I'll fill in a few unknown parts of the story from ulterior resources:
* When you see something wildly out of its time like that, you're usually seeing evidence for one of two things: a super-gizmologist good enough to engineer a new solution, or someone with enough farmemory to recognize the problem and reproduce a solution. Another source of exceptional input is spirit advice, but they don't usually tell people to build walls with rocks, so I rate that much less probable.
* And the villagers miraculously listened, which is rarer than you might think and why these things often appear in isolation. So they had not just one smart and/or mystic person, but the group itself was especially fluent in one or both of those things. That speaks to the likelihood of their survival.
* You can't keep back the sea, but there is one thing you can accomplish by fighting an impossible battle: you can buy time. They may have known it was a lost cause -- it's not hard to recognize that if water keeps rising, you are going to lose -- but if they had a Plan B which took time to develop, such as preparing another village site elsewhere, then the wall likely served its purpose.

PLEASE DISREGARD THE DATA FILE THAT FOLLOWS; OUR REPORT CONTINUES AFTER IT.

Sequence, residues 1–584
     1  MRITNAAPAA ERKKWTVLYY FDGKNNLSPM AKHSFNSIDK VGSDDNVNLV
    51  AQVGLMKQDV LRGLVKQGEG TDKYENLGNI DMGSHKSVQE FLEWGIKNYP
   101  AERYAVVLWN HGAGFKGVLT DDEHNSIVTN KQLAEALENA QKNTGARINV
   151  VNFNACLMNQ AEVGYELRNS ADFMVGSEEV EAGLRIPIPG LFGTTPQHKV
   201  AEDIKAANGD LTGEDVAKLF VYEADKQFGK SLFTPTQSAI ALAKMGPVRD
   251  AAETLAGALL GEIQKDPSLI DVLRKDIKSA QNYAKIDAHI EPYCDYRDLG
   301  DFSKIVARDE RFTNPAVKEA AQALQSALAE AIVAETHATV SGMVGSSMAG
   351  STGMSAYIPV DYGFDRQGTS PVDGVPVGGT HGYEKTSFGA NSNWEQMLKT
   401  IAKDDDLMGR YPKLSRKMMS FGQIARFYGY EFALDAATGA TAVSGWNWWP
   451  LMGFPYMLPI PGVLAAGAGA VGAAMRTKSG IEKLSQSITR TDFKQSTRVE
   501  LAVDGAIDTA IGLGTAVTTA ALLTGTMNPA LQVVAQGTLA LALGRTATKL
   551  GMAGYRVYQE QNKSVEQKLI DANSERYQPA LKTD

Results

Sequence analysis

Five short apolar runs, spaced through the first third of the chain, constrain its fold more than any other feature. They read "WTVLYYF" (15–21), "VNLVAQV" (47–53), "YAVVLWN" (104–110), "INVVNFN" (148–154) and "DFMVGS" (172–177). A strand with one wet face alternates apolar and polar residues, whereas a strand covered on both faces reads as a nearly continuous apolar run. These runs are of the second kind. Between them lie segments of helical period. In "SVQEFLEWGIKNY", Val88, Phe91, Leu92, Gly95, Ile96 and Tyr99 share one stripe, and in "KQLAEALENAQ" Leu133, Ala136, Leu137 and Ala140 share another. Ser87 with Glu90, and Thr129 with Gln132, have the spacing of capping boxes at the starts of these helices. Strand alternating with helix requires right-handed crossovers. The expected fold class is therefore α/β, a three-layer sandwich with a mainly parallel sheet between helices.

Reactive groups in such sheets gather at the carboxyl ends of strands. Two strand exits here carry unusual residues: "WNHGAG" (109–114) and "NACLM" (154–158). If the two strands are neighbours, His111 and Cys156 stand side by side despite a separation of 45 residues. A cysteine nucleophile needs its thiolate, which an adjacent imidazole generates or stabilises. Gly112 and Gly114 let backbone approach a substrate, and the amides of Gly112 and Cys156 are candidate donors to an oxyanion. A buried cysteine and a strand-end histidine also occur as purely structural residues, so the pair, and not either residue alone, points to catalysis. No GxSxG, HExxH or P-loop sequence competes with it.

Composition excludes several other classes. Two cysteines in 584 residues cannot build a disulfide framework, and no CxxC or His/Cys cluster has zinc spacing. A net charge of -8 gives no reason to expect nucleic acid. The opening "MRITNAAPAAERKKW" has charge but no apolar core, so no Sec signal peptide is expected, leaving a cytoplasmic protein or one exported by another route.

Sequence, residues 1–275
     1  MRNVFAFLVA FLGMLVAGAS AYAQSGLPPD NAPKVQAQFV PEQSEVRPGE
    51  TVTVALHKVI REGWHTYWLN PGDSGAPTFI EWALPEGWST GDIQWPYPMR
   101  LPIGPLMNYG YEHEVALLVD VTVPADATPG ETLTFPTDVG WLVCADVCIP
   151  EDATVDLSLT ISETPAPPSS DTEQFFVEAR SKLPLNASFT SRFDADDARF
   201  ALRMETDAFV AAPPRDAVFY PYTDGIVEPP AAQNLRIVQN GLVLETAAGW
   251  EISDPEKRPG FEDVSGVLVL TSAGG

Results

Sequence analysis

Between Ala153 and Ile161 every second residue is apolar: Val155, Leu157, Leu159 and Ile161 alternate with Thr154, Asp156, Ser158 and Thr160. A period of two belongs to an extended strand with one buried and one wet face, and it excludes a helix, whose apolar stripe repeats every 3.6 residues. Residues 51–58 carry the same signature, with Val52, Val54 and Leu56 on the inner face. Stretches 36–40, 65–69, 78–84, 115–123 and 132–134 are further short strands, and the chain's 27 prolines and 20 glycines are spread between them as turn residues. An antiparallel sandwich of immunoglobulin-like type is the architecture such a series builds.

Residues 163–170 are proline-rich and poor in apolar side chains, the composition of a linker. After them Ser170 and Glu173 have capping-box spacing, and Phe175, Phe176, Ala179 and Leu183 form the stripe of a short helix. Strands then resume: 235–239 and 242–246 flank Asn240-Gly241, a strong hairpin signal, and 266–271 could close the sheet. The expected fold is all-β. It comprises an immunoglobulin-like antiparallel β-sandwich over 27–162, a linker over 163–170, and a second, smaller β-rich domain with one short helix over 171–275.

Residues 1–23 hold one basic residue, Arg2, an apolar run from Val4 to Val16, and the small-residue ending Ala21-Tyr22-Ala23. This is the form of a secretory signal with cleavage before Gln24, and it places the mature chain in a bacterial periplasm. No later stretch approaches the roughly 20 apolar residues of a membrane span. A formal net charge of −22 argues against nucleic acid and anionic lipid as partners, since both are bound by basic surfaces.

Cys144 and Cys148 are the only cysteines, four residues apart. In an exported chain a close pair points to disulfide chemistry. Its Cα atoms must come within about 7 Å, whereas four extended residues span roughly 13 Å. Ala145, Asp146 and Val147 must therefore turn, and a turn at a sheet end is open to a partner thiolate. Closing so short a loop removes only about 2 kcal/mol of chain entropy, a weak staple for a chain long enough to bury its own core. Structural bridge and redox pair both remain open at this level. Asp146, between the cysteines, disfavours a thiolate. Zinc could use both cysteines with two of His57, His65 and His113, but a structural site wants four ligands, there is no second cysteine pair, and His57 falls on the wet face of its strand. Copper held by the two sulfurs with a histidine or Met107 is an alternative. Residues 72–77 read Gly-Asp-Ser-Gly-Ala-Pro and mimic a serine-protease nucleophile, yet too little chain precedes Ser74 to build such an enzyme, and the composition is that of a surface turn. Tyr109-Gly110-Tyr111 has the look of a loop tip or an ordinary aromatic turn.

So if I were an archaeologist, I'd take my trusty tapping pole, some portable scanners, and a good handful of interns and sweep straight inland from the village and along the river, looking for that Plan B. If I could identify where on the river the rocks had been taken from, I'd use both that and the village as reference points to search for the subsequent site, because people who build walls are prone to repeating certain geometric patterns.
Also, don't forget that this is us. A century or two from now, most of Earth's great cities will be underwater, because so many of them are right on the waterline. You know, like that neolithic village. Here's what it would look like if all the ice melted, but they're underestimating the speed that can happen, and it won't take nearly that much to sink the cities.
Now would be a good time to make a Plan B.